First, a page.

Cambodian Journalists Alliance Association

Police to investigate disappearance of Thai activist

A view of the condominium in Phnom Penh's Chroy Changvar district where Thai activist Wanchalearm Satsaksit lived before he was allegedly abducted on June 4. Panha Chhorpoan

Cambodian National Police will investigate the alleged abduction earlier this month of a Thai pro-democracy activist living in exile in Phnom Penh, according to authorities.

National Police spokesman Chhay Kim Khoeun on June 9 denied any knowledge of activist Wanchalearm Satsaksit, and said that although no Cambodian authorities had been involved in the arrest of the Thai, police would begin an investigation. 

“We will investigate and clarify that information to check whether it is true or not,” he said.

He had said last week that the National Police could not look into the case because they had no information regarding the disappearance.

Interior Ministry spokesman General Khieu Sopheak said on June 9 that official visitor entry data showed that Wanchalearm had entered Cambodia several times before 2015, and had made requests to extend his visa through 2017.

“Since 2017, he has disappeared and we don’t know where he went, because he did not extend his visa,” Sopheak said. “If he lives in Cambodia, he is living illegally.”

Sopheak called on witnesses or anyone with information about the disappearance of Wanchalearm to cooperate with law enforcement and provide information to the authorities.

Foreign Ministry spokesman Koy Kuong said that his ministry had received a diplomatic note from the Thai Embassy in Cambodia saying that they had seen articles published in the Thai news regarding Wanchalearm’s alleged abduction.

“The Thai Embassy requested that Cambodia help to clarify the information,” Kuoy said, adding that the Foreign Ministry will wait for an initial report from the Interior Ministry on their findings.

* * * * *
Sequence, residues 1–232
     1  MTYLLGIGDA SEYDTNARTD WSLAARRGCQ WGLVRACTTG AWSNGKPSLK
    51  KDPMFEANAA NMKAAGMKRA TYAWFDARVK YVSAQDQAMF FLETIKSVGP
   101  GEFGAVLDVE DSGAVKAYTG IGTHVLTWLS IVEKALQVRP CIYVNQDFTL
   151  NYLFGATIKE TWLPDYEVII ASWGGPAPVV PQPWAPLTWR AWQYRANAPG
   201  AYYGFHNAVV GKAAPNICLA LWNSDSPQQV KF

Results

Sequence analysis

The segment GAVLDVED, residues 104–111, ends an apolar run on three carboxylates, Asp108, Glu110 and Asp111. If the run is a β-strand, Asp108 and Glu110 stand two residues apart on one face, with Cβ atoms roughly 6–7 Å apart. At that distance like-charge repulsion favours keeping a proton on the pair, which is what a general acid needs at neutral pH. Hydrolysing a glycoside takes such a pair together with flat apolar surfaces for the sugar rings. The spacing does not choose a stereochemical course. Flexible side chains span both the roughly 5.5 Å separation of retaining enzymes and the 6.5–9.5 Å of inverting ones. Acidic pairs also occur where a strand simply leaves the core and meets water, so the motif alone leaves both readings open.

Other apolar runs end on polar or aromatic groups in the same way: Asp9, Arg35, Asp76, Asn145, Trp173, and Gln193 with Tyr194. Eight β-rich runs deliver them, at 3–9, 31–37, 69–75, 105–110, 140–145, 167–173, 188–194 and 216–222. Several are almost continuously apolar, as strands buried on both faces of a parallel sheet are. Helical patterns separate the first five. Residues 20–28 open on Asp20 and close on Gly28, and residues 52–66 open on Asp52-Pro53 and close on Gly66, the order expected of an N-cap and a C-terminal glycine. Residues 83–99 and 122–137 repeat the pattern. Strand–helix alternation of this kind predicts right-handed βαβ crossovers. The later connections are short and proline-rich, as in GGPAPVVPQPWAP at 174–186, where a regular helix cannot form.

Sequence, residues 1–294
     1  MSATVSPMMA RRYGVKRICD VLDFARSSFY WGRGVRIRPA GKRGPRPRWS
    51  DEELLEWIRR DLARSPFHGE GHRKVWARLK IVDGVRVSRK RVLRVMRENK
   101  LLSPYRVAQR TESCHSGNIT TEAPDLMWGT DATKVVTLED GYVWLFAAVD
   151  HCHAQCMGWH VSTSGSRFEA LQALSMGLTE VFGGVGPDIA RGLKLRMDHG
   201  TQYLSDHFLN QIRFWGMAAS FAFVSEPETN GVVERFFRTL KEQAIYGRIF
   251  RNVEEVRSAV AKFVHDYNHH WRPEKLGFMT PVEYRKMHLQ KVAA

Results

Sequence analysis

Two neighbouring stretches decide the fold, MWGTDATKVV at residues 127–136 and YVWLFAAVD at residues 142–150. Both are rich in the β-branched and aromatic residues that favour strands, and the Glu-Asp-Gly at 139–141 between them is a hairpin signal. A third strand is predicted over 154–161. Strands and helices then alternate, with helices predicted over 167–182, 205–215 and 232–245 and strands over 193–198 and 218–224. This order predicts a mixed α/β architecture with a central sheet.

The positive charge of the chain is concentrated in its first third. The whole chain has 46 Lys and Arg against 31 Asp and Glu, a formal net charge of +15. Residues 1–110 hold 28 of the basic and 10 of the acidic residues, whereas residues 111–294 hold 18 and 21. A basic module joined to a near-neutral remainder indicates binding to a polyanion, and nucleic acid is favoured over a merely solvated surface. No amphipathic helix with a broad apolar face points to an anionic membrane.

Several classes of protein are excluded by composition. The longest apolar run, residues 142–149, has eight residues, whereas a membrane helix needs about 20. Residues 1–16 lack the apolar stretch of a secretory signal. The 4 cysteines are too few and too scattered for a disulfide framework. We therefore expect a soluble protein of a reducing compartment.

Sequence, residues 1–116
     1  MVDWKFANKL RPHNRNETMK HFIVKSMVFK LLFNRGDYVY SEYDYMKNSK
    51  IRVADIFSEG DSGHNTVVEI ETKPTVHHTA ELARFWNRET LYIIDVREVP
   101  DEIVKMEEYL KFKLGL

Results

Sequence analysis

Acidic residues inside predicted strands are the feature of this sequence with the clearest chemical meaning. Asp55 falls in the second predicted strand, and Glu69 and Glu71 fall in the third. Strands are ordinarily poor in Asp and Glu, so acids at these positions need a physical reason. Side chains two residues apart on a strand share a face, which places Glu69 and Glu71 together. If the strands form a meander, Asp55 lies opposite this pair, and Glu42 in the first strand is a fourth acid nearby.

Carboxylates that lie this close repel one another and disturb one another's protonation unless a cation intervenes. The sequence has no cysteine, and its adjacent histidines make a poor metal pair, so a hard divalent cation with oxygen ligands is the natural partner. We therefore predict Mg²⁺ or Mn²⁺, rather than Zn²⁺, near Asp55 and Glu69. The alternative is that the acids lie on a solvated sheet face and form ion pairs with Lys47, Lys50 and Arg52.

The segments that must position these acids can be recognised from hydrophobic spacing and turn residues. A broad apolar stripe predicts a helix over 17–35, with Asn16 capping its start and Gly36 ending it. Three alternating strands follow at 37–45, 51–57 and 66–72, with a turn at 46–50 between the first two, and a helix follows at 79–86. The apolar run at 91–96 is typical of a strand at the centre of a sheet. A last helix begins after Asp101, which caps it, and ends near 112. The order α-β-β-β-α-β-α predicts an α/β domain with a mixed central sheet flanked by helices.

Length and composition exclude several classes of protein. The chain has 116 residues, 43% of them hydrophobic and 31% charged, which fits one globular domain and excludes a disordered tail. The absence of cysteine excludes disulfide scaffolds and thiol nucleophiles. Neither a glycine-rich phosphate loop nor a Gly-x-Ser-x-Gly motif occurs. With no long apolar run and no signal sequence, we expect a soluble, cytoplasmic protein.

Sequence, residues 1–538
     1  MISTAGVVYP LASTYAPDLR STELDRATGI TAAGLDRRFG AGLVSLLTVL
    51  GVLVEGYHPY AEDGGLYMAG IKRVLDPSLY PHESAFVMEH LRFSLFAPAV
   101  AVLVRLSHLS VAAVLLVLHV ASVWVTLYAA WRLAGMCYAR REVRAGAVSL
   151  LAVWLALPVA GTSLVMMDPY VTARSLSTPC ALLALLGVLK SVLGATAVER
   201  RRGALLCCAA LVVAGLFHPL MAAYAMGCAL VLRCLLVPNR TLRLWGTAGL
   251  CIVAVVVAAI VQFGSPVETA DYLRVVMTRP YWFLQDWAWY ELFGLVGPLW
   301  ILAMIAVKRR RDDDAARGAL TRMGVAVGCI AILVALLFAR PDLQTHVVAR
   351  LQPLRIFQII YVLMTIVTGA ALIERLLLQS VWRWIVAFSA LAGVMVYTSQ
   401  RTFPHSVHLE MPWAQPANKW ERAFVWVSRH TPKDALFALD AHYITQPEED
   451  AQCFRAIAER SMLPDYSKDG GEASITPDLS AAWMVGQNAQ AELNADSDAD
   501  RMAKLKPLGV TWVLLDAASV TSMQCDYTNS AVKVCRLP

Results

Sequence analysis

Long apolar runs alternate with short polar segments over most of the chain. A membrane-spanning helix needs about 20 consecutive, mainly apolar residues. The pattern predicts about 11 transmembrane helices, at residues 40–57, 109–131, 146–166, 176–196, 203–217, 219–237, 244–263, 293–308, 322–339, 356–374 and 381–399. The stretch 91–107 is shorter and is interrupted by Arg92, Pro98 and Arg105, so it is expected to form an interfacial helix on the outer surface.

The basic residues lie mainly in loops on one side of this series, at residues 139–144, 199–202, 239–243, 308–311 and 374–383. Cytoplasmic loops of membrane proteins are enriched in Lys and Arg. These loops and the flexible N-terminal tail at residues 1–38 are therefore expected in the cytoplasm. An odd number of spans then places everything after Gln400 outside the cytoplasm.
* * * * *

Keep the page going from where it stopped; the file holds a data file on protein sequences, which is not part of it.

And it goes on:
In a statement released June 5, Human Rights Watch (HRW) issued a statement detailing Wanchalearm’s abduction and expressing concern for his safety. It said Wanchalearm was seen being forced into a black car by a group of armed men at 5:54 p.m. on June 4. The witness accounts were corroborated by security footage from nearby buildings, HRW added.

According to the statement, the activist and Thai government critic had fled his home nation after the 2014 military coup and has continued to post material critical of the Thai government on his social media pages while living in exile in Phnom Penh.

Wanchalearm’s neighbors in Chroy Changvar district’s Chroy Changvar commune were worried after they heard of the abduction. Others said they were aware of previous incidents in which authorities had attempted to approach Wanchalearm.

A 30-year-old man who lives near the Thai activist said he had personally heard Wanchalearm yell out for help the evening he was taken.

“I heard [from others] that he was arrested and pushed into a black SUV Highlander and driven toward National Road 6,” he said. “I heard the victim’s voice yelling for help.”

A 27-year-old friend of the Thai activist who lives near his home in Mekong Gardens condo said that he had told her that uniformed officials had attempted to approach him about a year ago.

“More than a year ago, there were three men who wore black uniforms who came to find him,” she said. “He said they were caught on CCTV camera, but he did not tell me what their nationality was.” 

A security guard at Mekong Gardens said that he did not witness the alleged kidnapping last week, but that he had personally seen many officials visiting the floor of the building where  Wanchalearm’s apartment is located.

“Police officials from the commune and district levels and Interior Ministry officials came many times to his floor [of the condo],” he said.

An article in the Thai news website Prachathai News on June 8 said that Wanchalearm’s family had released a statement the day before pleading for his release.

“Please release Wanchalearm,” it said. “We will look forward to this with hope. We hope this enforced disappearance will be the last time [he is taken].”

Phil Robertson, Deputy Director of HRW, called on the Cambodian government to carry out a thorough investigation into the disappearance.

“Now the investigation has finally started, [the] Cambodia government must pursue a serious, impartial and transparent investigation that leaves no stone unturned in finding out what happened to Wanchalearm,” he said in a statement. “They should not rest until they find him and prosecute those responsible for the abduction.”

“Governments in North America, Europe and around the world who are concerned about enforced abductions should instruct their embassies in both Phnom Penh and Bangkok to demand both the Cambodian and Thai governments to act quickly to find Wanchalearm,” he added.

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